Ditch the coffee and energy drinks—your energy problems begin and end with what you eat. The human body is a finely-tuned dynamo, and you get out what you put in. Certain natural foods boost your energy levels naturally with no need for stimulants or hokey Instagram fads. Explore the benefits of the five best foods for energy in this guide.
Your body needs lots of different vitamins, minerals, amino acids, and proteins to operate effectively. Plus, fats and complex carbs allow you to use and store energy efficiently. The only way to give your body what it requires to operate at its peak is to start with proper nutrition. These five foods will go a long way toward giving you the energy you’re looking for:
Rich in potassium and other essential minerals, bananas also contain pectin, a form of fibre.
All types of apples are great sources of beneficial phytochemicals, vitamin C, and fibre.
These large-pitted, creamy fruits contain lots of healthy fats your body needs to process energy.
By stabilising your blood sugar and boosting your immune system, goji berries help your body regulate energy effectively and avoid slowdowns.
With plenty of dietary fibre and essential micronutrients, sweet potatoes (yams) boost your gut health, which improves many other aspects of your health and well-being.
Since they provide healthy carbs, vitamin B6, and the essential mineral potassium, bananas are considered effective energy food for athletes. Even for people who are less active, bananas optimise your system and help you process other foods more effectively.
Part of the appeal of bananas as an energy food is their convenience. It’s easy to peel a banana, eat the fleshy fruit, and discard the rind on the go. You can also blend bananas into smoothies or cut them up into containers, and dried bananas present an even wider field of snacking possibilities.
As the ultimate disposable food, the lasting power of bananas doesn’t get enough attention. In their dehydrated form, bananas can stay edible for six months to a year, which means you don’t have to throw that slightly spotty bunch in the trash right away.
Try cutting your bananas into thin slices and tossing them on top of a salad. You’d be surprised how well this fruit works for accentuating bitter or tangy dishes.
The secret behind the majority of so-called “energy bars” is processed sugar, which harms your body and can lead to serious diseases. An average apple contains 13 grams of sugar in the form of natural glucose, which your body processes without a rush or crash. Plus, apples are great sources of B vitamins and vitamin C.
Apples don’t have inconvenient peels, but they can be sticky and messy. Dried apples present a clear alternative, and you can also enjoy apples in purees and 100%-fruit bars.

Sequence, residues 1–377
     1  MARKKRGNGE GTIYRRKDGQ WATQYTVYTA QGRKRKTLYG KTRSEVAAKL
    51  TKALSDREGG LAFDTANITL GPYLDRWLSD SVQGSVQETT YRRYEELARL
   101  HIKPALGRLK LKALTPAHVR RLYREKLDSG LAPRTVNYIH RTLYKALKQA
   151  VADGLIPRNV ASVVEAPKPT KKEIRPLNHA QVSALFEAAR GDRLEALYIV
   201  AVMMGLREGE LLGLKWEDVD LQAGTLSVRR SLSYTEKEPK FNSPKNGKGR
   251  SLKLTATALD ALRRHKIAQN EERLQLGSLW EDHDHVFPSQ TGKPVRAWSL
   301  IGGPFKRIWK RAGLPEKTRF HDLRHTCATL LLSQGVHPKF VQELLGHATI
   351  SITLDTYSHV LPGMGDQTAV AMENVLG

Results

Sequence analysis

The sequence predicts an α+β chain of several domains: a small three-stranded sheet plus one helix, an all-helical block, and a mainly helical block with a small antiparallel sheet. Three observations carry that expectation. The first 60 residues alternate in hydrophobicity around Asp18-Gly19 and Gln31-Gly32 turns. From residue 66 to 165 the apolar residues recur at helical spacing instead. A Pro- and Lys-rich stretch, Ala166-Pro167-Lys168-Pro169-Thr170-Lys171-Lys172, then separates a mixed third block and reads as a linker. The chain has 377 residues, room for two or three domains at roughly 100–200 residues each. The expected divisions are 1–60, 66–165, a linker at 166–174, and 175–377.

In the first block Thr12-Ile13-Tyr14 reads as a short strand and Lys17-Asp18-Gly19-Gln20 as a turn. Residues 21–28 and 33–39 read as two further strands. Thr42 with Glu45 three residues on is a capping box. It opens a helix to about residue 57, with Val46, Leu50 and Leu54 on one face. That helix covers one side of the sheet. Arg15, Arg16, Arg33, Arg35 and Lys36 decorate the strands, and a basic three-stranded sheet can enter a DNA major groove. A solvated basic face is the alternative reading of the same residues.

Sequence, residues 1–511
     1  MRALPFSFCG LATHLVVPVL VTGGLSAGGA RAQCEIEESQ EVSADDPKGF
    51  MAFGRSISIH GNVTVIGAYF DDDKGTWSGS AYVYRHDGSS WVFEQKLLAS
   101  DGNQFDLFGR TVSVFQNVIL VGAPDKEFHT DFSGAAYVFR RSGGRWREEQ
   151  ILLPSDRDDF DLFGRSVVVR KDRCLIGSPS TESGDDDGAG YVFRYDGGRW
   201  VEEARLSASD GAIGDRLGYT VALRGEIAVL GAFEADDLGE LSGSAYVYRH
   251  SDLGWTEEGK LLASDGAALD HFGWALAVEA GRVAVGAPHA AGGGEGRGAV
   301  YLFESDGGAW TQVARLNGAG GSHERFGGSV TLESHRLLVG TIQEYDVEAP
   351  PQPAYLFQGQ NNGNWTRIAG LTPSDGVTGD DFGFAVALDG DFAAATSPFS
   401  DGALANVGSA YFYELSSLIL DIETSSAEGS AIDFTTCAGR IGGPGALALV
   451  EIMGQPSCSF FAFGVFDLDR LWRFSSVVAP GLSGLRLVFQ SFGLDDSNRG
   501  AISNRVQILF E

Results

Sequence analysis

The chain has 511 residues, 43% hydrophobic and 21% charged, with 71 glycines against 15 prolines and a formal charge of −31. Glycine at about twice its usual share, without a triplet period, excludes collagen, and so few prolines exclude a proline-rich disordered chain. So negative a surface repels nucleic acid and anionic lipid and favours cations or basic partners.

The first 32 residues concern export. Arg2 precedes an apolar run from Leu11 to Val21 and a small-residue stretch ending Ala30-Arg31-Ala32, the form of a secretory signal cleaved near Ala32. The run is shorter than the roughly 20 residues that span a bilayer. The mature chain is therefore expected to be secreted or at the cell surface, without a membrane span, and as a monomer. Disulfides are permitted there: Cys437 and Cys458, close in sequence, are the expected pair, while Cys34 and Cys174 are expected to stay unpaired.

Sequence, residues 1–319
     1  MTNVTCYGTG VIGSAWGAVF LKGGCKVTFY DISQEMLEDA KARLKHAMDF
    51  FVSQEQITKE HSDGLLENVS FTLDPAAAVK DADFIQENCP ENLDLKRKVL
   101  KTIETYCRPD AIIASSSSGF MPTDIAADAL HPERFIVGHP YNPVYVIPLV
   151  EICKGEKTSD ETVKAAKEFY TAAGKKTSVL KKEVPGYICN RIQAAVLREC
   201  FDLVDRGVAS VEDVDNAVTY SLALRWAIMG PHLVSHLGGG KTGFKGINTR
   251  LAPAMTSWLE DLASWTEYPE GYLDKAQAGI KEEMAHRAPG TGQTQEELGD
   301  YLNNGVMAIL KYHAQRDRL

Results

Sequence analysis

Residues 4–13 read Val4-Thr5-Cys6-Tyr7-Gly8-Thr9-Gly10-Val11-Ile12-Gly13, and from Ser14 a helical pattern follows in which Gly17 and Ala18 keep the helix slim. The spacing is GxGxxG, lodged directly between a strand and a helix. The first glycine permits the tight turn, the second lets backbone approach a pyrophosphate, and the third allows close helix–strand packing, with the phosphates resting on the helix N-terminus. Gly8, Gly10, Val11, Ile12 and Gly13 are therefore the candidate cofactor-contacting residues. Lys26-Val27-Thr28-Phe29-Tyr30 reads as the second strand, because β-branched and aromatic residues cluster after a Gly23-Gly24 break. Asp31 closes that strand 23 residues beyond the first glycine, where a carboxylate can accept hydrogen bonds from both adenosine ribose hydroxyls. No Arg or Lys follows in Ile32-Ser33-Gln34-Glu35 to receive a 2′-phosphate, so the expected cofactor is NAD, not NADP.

It’s common knowledge that apples contain fibre and natural sugars, but this fruit’s vitamin content doesn’t get enough credit. Apples are, however, celebrated everywhere as a convenient energy food—as proof, there are apples on every Starbucks counter in the world.
Apples may not blend well into smoothies, but that doesn’t mean you can’t use them with other dishes. As a traditional addition to salads, you can also enjoy dried apple slices on their own or with trail mix.
It’s natural to maximise complex carbs and protein as you search for maximum energy. Healthy fats, however, provide approximately 50% of your body’s energy, and few healthy fat sources are richer than avocados.
Don’t try snacking on a whole avocado since it won’t go well. Instead, these rich, creamy fruits are best enjoyed as salad toppers, sandwich fillers, or smoothie thickeners.
Fats, in general, are woefully overlooked when it comes to energy. These essential macronutrients got a bad name due to popular misconceptions, but you need to eat plenty of natural, healthy fats to stay sharp and energetic.
Avocado plays a big role in sushi. Pick up some seaweed rolls, dust off the rice cooker, and make some dragon rolls like a Tokyo native.
Studies show that goji berries increase energy, and it’s believed that these energising effects are the result of phytochemicals like polysaccharides, zeaxanthin, and beta carotene.
Goji berries are almost always sold dried, and it’s just as easy to snack on a bag of these small, tangy berries as it is to eat an apple or a banana. Goji berries are great to eat first thing in the morning for their unique, zesty flavour.
Western science has overlooked the benefits of goji berries for centuries. It’s only recently that the benefits of this Asian “super-food” have come to life.
Due to their intense flavour and sticky texture, goji berries can be hard to add to dishes. Lightly sprinkled on top of salads, however, goji berries make for the perfect antioxidant garnish.
Sweet potatoes promote the growth of healthy gut bacteria. Western science overlooked the importance of gut health for years, but it’s finally becoming apparent just how much the bacteria balance in your stomach, intestines, and colon can affect your energy levels.
Hard when raw and soft when cooked, sweet potatoes are commonly pre-cooked and added to meals. While it would be hard to snack on a raw sweet potato on the go, cooked yams are easy to add to practically any dish.
While sweet potatoes are widely recognised as great sources of fibre, this root’s antioxidant properties don’t get enough credit. It’s by fighting oxidative stress in your gut that sweet potatoes improve your digestive health, though.
Go the traditionally sweet route and bake your sweet potatoes into some vegan, gluten-free bread. It’ll be simple and yummy to snack on these homemade baked goods at work, at home, or on the road.